The future of NM brewing: Gaining an insider’s perspective

Posted: November 23, 2015 by cjax33 in Beer Future, Interviews
Tags: ,
Totally forgot to take a picture of Angelo, so we just borrowed this from the Craft King Facebook page.

Totally forgot to take a picture of Angelo, so we just borrowed this from the Craft King Facebook page. It works, right?

The Crew met Angelo Orona back when he was working in the sales department for Marble Brewery. We could tell from the beginning that it was not just a job for Angelo, but a passion for good craft beer. Even after Marble’s early 2014 upheaval left the entire sales staff heading off to new jobs, Angelo stayed involved with the beer scene, working with Abbey Brewing, Santa Sidra, and numerous other breweries and cideries. He also created Craft King Consulting, a company designed to help further promote and educate craft beer through recent events like Tart at Heart and Palate Fatigue.

When the Crew ran our story about the future of the New Mexico brewing scene, Angelo was one of the first to respond and offer up his views from both inside and outside the industry. Since we are never afraid to pick the brains of the people in the know about craft beer in our state, I sat down with him last week at Matanza. Once I found a beer that was both on the menu and still on tap (a downside to having so many taps, it seems), we got down to business.

NMDSBC: So you read the article we wrote about the future of craft beer in New Mexico. Give us your thoughts on the industry and where it’s headed.

Angelo: I think right now I see this industry as sort of a gold rush. A lot of folks throwing their hats in the ring, many of them that don’t have any meaningful experience in commercial breweries. I think that’s one thing as an industry we have to focus on is getting people trained so that there aren’t any weak spots, especially in our small microcosm like Albuquerque. We want to make sure that every single brewery is up to snuff and putting out quality beer.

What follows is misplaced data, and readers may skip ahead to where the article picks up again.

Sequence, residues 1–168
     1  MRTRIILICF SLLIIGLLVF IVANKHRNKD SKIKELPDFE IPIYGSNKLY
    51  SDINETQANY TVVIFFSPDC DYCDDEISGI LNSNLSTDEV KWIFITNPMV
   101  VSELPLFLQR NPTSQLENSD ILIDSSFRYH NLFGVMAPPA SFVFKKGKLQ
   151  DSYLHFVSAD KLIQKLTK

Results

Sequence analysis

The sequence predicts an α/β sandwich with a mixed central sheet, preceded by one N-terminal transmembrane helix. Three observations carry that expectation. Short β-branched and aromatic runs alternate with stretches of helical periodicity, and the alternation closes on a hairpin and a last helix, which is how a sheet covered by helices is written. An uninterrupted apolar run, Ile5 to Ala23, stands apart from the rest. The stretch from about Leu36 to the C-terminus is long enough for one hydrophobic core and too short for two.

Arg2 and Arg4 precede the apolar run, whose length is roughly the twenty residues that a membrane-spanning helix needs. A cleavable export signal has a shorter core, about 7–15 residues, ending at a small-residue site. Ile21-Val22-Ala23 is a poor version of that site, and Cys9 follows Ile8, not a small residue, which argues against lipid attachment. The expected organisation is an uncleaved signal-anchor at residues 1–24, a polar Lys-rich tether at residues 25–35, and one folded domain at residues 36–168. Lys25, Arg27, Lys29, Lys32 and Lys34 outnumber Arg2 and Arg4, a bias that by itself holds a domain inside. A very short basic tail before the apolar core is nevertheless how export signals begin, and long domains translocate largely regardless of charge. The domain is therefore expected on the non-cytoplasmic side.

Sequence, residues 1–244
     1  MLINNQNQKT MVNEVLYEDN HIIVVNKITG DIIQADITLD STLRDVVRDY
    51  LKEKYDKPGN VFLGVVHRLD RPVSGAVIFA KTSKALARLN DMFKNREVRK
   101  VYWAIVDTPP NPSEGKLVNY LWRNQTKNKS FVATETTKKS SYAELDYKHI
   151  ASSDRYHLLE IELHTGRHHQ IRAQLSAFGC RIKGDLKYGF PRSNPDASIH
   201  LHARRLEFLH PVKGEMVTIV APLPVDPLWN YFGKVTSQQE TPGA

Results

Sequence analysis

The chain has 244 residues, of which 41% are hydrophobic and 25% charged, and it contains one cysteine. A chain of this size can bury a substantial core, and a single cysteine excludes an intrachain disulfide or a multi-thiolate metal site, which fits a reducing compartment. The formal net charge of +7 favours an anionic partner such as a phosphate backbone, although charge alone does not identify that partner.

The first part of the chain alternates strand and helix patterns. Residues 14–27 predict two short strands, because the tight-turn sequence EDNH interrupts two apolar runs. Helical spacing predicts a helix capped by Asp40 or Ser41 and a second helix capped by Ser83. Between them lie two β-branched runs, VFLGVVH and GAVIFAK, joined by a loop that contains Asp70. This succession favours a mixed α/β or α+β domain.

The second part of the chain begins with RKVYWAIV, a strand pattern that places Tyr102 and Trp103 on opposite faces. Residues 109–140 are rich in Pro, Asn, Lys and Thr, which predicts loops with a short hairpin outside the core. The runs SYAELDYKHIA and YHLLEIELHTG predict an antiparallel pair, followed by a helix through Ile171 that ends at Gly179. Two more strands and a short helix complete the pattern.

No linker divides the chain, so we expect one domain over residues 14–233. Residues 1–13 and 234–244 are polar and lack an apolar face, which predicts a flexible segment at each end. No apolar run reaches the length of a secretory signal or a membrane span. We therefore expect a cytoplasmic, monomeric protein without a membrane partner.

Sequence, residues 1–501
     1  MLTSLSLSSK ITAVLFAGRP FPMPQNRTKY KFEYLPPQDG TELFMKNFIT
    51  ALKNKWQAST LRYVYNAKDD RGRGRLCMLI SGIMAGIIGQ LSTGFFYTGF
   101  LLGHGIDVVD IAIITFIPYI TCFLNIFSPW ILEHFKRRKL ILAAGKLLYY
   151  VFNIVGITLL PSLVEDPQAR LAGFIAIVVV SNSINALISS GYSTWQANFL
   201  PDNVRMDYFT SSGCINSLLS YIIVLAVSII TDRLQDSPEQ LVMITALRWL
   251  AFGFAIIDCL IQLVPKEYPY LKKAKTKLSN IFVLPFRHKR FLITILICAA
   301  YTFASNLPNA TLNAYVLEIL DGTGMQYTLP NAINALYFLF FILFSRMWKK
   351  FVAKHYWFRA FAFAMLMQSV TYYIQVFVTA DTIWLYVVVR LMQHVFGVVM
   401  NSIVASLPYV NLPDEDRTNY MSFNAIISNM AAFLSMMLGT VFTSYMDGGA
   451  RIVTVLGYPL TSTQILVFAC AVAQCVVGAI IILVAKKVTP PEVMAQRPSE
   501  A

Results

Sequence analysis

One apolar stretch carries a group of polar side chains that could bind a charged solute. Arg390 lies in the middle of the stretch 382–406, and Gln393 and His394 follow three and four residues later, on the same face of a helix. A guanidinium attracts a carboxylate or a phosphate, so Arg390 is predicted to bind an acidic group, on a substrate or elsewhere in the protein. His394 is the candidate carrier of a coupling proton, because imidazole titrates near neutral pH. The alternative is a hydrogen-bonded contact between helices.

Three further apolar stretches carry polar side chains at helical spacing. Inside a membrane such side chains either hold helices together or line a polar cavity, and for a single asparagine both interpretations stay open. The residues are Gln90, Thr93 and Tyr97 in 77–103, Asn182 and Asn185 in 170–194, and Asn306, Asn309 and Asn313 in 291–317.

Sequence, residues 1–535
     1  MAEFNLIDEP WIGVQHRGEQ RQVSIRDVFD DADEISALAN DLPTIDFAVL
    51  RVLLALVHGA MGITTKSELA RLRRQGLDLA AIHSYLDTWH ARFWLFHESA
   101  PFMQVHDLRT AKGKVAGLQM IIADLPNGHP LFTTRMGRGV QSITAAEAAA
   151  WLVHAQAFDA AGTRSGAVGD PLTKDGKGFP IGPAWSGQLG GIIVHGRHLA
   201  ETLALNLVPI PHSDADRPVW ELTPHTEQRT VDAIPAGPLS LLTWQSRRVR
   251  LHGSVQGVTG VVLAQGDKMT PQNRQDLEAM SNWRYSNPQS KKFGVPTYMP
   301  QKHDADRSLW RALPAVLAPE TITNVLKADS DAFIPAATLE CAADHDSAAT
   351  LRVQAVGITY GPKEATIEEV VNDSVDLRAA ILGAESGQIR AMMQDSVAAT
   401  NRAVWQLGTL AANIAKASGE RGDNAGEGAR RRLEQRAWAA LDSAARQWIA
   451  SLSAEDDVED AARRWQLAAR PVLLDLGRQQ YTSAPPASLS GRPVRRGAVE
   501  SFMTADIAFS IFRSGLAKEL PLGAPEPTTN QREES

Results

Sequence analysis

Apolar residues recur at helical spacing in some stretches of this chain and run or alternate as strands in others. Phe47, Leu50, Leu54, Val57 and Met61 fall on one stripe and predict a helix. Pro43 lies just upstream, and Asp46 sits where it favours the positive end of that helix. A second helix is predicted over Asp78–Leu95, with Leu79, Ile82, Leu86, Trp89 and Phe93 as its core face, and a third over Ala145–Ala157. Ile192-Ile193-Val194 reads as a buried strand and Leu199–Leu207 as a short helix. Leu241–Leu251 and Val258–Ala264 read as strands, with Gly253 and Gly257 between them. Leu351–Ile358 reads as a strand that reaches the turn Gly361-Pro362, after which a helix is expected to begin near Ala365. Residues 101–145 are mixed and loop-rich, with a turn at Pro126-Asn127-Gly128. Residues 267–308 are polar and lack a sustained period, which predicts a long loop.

I saw a poignant article written with the owner of Hill Farmstead (Brewery in Vermont), Shaun Hill, and he was talking about how there’s this mad rush for breweries to open now with many of the folks opening breweries have maybe brewed one or two times and fermented a beer in their basement. This example uses the fact that electricians have to go through an apprenticeship just to install an outlet. He was saying people that want to open a brewery, even though it’s this romantic notion of ‘Hey, I’ll own a brewery, I’ll be able to make beer, and bring people happiness through my beer,’ there are people that are devoutly committed to making amazing beer every single time they get on the brewhouse. We have to get to a point where as an industry we say I want to open a brewery, but do I have the skillset that’s going to make it a successful brewery, a unique brewery, and something that’s going to be representative of craft beer and shine a light upon it?

NMDSBC: I think the one thing I’m seeing in regards to a lot of the new places opening up is it’s not just two friends who liked to home brew together anymore. We’re seeing more of these investment groups, sometimes people with restaurant/bar/brewery experience, sometimes not, but at the very least they’re hiring experienced brewers. Bow & Arrow would be a good example. So that might be changing a little bit.